Forum Post: OWS Install Solar Panels America's Homes: We Need Sustainable Energy Now: Oil Crisis Iminent
Posted 5 years ago on Aug. 12, 2012, 2:05 p.m. EST by gsw
from Woodbridge Township, NJ
This content is user submitted and not an official statement
To get our message out to the people, we should initiate a project to install Solar Panels on the homes of progressives, who are sympathetic to OWS issues.
To pay for this, the initial savings of energy would go into a fund, until the solar panels were paid off. (If this was a non-profit enterprise, could this work practically and economically, if OWS sympathizers volunteered their _ hours a week working on this effort, and show the world OWS has solutions to complex real world problems)
We need leadership and a national energy policy. The pols will do what the energy industry tells them, which will not be enough to meet the challenges of energy, and we must start thinking of ways to get alternative energy directly to consumers, bypassing traditional corporations.
OWS should help lead an effort to install solar panels on the roofs of their members homes, to shed light on this problem, that the current political and economic system is not capable of working to solve real world problems in a long term approach.
Is the era of oil nearing its end? By GREG GORDON
The world must accept "the outlook for flattened oil supplies" and "the reality that the era of abundant cheap oil is over," said Sadad Al Husseini, a former No. 2 executive for Saudi Arabia's national oil company, Aramco. In emails to McClatchy, he called for worldwide energy conservation measures.
The U.S. Energy Information Administration's deputy chief, Henry Gruenspecht, defended his agency's main global oil supply forecast as stemming from "careful consideration of a wide range of factors." He noted, however, that there's "significant uncertainty" about future supply and demand of liquid fuels and a lack of transparency regarding some nations' reserves.
An international group of scientists and energy experts argue that global oil production has peaked or soon will as the second half of the oil age begins. The experts, known as peak oil advocates, say that the output of 500 existing giant oilfields that provide most of the world's liquid fuels has begun a gradual decline that will create a 17 million-barrel daily deficit by 2035.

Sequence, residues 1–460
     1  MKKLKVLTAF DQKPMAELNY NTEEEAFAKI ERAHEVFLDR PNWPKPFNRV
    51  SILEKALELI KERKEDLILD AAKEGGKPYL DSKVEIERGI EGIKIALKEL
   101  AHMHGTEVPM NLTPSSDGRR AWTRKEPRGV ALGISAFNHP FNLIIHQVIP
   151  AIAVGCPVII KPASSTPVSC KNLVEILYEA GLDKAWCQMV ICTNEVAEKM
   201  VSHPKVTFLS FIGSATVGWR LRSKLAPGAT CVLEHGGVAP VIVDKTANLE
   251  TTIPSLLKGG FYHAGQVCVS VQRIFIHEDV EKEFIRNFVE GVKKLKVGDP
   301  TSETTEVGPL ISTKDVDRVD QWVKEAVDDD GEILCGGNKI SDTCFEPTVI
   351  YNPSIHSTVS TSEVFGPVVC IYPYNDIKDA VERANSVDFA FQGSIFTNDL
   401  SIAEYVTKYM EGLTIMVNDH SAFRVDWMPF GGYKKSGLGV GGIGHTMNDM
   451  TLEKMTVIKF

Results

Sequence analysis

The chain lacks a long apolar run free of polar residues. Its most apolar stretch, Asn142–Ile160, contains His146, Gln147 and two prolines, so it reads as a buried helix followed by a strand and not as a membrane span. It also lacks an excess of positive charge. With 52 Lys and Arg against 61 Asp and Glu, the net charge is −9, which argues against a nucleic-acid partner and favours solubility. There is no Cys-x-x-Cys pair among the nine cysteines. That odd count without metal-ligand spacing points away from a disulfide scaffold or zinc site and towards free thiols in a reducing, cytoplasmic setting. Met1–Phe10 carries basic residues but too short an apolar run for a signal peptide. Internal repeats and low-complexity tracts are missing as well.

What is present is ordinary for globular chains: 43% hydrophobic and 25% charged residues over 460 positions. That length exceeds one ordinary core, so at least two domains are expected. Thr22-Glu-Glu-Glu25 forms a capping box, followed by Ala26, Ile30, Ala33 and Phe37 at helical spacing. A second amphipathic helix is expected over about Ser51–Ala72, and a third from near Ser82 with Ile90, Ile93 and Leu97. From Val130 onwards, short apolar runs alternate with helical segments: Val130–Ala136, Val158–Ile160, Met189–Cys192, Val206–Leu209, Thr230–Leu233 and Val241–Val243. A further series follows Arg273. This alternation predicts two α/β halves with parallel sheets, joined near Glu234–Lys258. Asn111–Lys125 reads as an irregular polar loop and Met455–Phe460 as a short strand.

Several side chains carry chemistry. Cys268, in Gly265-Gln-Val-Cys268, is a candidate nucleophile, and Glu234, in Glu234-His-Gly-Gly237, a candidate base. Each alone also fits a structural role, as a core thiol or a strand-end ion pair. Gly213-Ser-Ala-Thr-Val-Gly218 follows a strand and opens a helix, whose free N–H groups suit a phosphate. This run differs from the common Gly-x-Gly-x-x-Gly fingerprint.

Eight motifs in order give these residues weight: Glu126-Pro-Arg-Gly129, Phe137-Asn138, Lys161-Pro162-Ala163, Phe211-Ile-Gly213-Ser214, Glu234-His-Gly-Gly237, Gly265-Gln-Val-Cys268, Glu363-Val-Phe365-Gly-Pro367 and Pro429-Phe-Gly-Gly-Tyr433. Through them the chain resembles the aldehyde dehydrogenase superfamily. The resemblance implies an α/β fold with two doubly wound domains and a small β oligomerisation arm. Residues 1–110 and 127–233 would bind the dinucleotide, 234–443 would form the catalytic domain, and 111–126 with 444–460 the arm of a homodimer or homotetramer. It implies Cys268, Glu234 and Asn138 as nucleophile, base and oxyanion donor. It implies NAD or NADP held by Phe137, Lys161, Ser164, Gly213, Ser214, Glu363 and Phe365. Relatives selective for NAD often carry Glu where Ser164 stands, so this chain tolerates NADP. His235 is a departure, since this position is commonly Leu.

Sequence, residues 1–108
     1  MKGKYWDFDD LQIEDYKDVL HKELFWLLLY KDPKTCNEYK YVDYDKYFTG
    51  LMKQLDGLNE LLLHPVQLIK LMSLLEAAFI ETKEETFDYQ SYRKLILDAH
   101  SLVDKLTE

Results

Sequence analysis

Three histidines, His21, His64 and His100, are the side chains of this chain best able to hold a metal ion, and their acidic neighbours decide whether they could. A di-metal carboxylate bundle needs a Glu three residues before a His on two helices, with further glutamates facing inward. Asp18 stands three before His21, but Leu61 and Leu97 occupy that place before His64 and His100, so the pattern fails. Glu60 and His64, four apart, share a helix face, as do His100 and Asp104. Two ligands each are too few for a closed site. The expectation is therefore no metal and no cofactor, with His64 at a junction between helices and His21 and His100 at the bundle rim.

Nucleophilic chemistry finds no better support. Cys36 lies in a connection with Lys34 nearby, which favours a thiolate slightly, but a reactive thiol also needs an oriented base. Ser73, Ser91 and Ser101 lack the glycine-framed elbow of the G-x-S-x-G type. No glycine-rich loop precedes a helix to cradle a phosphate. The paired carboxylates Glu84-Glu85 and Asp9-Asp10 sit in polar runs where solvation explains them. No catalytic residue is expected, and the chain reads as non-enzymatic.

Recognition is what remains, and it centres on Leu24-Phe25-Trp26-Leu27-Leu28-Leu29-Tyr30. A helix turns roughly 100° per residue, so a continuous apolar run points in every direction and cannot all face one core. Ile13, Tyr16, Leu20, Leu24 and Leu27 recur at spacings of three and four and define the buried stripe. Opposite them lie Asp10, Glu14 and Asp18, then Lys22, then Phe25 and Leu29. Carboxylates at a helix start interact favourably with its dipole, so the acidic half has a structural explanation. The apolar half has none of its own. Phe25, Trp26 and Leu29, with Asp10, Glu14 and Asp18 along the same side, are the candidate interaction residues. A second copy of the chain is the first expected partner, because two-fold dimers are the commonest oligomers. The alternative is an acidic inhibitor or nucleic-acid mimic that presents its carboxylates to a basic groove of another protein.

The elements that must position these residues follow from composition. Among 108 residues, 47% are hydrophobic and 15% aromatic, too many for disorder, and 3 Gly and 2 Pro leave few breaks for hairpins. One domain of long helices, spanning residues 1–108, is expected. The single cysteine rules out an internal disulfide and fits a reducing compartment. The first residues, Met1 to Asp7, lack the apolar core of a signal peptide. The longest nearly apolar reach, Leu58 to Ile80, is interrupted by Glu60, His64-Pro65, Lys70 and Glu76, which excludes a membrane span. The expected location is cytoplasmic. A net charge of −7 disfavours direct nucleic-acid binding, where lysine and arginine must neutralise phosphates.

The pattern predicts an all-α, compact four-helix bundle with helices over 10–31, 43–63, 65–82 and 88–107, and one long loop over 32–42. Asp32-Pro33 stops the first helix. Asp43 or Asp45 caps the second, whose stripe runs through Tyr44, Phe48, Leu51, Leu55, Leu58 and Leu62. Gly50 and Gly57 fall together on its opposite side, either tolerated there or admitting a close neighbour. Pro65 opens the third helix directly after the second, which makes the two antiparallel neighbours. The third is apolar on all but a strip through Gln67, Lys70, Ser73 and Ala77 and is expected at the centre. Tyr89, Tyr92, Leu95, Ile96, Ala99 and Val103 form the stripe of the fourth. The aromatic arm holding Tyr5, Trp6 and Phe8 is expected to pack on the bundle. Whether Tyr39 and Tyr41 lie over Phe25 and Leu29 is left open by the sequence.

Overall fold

If they're right, and if the Energy Information Administration has accurately projected future demand, liquid fuels production must fill a daunting, 38.6 million-barrel daily void to keep pace - an amount equal to more than 40 percent of the current global output.
"We're facing a situation that is real hard for anyone to grasp," said Kjell Aleklett, the Swedish president of the Association for the Study of Peak Oil.
Professor sees energy 'trap' ahead By GREG GORDON McClatchy Newspapers
* <http://physics.ucsd.edu/do-the-math/>) * <http://bit.ly/PEdrgn>)
By GREG GORDON
Tom Murphy, an associate physics professor at the University of California, San Diego, likes to compute big and daunting numbers.
So when he grew concerned about how the nation could sustain its spiraling energy consumption, he decided to chart the use of fuel alongside the estimated U.S. gross domestic product since the year 1650 (http://bit.ly/PEdrgn).
That led him to the alarming realization that exponential economic growth cannot continue into the decades and centuries ahead because of constraints on energy supplies, said Murphy, whose website is named Do the Math: Using physics and estimation to assess energy, growth, options (http://physics.ucsd.edu/do-the-math/).
One way to understand the crucial role of energy in today's world is to see what happens if it's unavailable.
People might think that, because energy costs comprise a little over 10 percent of the economy, a 10 percent cut in energy availability would be relatively harmless, amounting to a 1 percent impact.
However, that energy enables so many things that in a severe energy crunch, "you're going to see something larger" - a sort of multiplier effect on the economy, Murphy said.
Murphy said he believes that the world is "approaching a trap," with energy supplies unable to keep up with demand and creating a need to divert some precious energy for use in developing alternatives, such as tens of millions of fuel-efficient cars and new forms of renewable energy sources, he said.
That, in turn, could create a new problem.
"If things happen the way they typically have, where high oil prices trigger recession, who's going to buy these expensive electric cars?" he asked.